Est in carcere locus, quod Tullianum appellatur, ubi paululum adscenderis ad laevam, circiter duodecim pedes humi depressus. eum muniunt undique parietes atque insuper camera lapideis fornicibus iuncta; sed incultu, tenebris, odore foeda atque terribilis eius facies est. in eum locum postquam demissus est Lentulus, vindices rerum capitalium, quibus praecepta erat, laqueo gulam fregere. ita ille patricius ex gente clarissuma Corneliorum, qui consulare imperium Romae habuerat, dignum moribus factisque suis exitium vitae invenit. de Cethego Statilio Gabinio Caepario eodem modi supplicium sumptum est.
(Sallust, Bell. Cat. 55.3-6)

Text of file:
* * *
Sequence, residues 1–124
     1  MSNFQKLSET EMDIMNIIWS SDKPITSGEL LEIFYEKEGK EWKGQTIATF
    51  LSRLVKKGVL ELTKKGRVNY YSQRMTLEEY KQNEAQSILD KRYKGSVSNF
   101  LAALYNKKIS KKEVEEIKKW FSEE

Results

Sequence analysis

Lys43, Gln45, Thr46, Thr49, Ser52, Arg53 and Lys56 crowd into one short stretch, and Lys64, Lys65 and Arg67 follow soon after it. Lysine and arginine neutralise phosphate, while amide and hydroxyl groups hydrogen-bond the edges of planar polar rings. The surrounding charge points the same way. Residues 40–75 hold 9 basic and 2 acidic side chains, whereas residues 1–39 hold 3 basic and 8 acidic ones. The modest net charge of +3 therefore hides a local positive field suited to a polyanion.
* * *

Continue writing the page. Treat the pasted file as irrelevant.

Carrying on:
In the prison, when you have gone up a little to the left, there is a place called the Tullianum which is a depression of about twelve feet into the ground. Walls protect it on all sides and above there is a dome made with stone arches, but squalor, murk, and stench make it hideous and terrible to behold. After Lentulus was sent down into this place, the executioners strangled him with a rope as ordered. Thus that man, an aristocrat from the glorious family of the Cornelii, a man who had held consular power at Rome, found an end that suited his character and his actions. Cethegus, Statilius, Gabinius, and Caeparius were executed in the same way. (tr. William W. Batstone)